I grew up amongst a family of tea drinkers. We’d drink tea for breakfast, morning tea, afternoon tea, and finish the day with a cuppa tea before bed.
With the continued proliferation of cafes, coffee roasters and baristas (at least here in my small corner of the world) it’s easy to believe that these days the humble cup of tea might play second fiddle to coffee in all its glorious forms.
But surprisingly, tea remains the second most consumed beverage on Earth after water. Its global consumption is so great in fact that it equals the combined consumption of all other manufactured drinks including the coffee, soft drinks, and alcohol. I don’t know about you, but I find this fact to be pretty mind blowing!
While I’m a bit of a coffee convert these days, there’s certainly something quite comforting about a nice cup of tea on a cold winter’s day. Surprisingly hot tea can also be extremely refreshing on a sweltering summer’s day… if you don’t believe me, give it a try next time the mercury levels are rising!
If you’re not sold on the idea, then perhaps this classic iced tea may be more for you.
A friend of mine reminded me how refreshing iced tea can be when I was invited to hers for dinner a few weeks back and I’ve been wanting to brew some of my own ever since.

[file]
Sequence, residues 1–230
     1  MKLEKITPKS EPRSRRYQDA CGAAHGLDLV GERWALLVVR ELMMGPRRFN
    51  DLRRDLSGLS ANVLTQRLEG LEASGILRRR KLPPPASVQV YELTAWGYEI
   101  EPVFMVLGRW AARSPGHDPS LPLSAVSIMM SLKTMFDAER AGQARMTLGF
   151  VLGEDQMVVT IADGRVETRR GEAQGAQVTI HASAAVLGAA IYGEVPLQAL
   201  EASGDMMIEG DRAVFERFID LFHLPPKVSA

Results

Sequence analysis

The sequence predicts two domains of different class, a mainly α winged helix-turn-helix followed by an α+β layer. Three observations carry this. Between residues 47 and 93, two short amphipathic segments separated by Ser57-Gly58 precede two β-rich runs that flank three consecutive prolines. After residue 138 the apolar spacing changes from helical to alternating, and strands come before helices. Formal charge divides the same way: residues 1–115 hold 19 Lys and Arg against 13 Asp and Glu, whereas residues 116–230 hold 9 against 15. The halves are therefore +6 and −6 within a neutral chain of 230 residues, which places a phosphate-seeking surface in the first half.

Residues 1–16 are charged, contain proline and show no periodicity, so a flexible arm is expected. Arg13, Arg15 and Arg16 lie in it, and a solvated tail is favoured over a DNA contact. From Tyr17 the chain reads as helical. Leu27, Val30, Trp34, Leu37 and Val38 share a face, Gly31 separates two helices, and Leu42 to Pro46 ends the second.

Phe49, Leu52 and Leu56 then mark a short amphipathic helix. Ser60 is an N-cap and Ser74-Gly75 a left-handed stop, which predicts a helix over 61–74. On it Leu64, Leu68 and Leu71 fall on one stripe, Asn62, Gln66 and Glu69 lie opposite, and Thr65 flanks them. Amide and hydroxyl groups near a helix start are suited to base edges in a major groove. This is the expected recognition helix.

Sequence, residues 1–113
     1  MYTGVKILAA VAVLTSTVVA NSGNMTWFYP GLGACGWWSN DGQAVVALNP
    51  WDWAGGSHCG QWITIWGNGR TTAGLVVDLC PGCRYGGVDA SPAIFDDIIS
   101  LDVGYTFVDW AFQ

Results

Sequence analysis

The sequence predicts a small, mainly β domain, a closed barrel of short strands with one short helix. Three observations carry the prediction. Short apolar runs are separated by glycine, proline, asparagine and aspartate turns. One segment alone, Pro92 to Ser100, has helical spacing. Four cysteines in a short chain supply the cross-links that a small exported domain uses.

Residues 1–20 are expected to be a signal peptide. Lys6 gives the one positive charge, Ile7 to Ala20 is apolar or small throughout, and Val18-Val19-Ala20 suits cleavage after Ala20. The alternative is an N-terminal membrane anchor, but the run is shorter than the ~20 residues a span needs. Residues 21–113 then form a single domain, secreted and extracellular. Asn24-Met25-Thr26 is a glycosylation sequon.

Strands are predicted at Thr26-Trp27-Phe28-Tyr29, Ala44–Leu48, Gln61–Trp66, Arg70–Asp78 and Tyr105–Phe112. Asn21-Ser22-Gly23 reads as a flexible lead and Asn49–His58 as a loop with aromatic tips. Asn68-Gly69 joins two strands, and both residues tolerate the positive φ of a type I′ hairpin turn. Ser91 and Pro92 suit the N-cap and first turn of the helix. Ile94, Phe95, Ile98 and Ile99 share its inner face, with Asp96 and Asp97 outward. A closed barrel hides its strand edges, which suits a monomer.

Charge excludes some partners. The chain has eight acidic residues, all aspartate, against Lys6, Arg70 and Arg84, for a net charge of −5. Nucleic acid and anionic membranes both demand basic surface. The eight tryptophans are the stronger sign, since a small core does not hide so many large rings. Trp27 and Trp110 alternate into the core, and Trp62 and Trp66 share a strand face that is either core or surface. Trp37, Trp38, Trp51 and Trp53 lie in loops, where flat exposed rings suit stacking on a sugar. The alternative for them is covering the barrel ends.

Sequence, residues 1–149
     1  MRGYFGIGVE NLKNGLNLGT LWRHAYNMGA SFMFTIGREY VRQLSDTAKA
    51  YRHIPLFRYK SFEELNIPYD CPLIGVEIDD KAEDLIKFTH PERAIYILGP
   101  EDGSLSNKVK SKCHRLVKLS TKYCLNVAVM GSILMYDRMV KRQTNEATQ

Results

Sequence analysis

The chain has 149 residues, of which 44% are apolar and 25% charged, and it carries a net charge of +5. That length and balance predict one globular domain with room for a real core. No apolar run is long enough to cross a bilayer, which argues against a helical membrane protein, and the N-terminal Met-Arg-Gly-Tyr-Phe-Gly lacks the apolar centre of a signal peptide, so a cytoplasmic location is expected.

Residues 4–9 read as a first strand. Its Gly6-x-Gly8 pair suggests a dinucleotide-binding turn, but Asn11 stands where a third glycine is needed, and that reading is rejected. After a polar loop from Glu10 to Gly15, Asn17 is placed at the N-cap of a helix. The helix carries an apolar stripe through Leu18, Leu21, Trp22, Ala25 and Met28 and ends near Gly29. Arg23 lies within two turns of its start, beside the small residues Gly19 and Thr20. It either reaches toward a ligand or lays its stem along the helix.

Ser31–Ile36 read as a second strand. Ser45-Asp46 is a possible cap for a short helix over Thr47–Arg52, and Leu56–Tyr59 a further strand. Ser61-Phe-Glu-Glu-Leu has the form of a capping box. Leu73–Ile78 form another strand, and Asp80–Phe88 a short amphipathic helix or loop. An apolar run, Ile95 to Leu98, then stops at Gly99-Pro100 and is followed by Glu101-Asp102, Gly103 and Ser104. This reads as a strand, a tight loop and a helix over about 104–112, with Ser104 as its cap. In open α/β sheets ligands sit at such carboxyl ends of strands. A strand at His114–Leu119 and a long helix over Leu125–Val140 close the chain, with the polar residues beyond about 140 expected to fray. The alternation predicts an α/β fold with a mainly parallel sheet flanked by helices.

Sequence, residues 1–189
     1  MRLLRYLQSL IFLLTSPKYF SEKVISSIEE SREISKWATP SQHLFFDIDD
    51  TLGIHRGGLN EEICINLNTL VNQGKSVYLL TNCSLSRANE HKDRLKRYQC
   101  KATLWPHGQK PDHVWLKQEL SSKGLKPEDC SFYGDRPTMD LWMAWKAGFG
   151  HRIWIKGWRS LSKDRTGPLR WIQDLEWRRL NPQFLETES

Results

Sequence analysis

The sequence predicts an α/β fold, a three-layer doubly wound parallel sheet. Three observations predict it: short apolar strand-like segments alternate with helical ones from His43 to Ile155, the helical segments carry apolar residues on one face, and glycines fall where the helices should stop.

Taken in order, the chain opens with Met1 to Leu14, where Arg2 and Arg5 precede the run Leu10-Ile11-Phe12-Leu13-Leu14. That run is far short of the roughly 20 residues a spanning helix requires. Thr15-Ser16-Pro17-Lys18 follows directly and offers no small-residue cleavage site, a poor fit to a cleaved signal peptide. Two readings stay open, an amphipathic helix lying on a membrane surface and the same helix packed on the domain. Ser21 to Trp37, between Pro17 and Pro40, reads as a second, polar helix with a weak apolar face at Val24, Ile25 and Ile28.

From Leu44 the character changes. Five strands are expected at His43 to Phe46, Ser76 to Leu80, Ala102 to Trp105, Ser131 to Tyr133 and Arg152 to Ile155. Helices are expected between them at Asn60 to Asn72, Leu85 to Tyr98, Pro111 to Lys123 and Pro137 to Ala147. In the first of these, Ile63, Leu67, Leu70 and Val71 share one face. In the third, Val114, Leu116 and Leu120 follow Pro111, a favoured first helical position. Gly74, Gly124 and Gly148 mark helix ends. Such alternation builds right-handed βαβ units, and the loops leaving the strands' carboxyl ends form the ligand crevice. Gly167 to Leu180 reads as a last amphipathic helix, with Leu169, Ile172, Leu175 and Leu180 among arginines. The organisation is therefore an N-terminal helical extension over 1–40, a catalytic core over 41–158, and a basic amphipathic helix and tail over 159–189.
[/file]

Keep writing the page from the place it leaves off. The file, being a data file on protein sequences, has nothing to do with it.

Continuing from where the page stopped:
I’m so glad I finally did. It was just as I’d imagined. The honey and lemon contrast well with the tannins in the tea. Served icy cold, it makes for a wonderfully refreshing drink. Cheers.
- 4 English breakfast teabags (or equivalent if using loose tea)
- 2 cups boiling water
- 2 ½ tbsp honey
- 1 cup iced water
- 2 cups ice cubes
- juice of ½ lemon
- 1 lemon, thinly sliced
- In a teapot or heatproof jug, brew 4 tea bags in 2 cups of boiling water for 5 minutes.
- Remove the tea bags then add the honey while the water is still warm.
- Leave to cool, then transfer to a serving jug / pitcher.
- Add the iced water, lemon juice, ice cubes and lemon slices.
- Serve in glasses with a sprig of mint if desired.
- Feel free to adjust the amount of honey, depending on your preferred sweetness and the bitterness of the tea.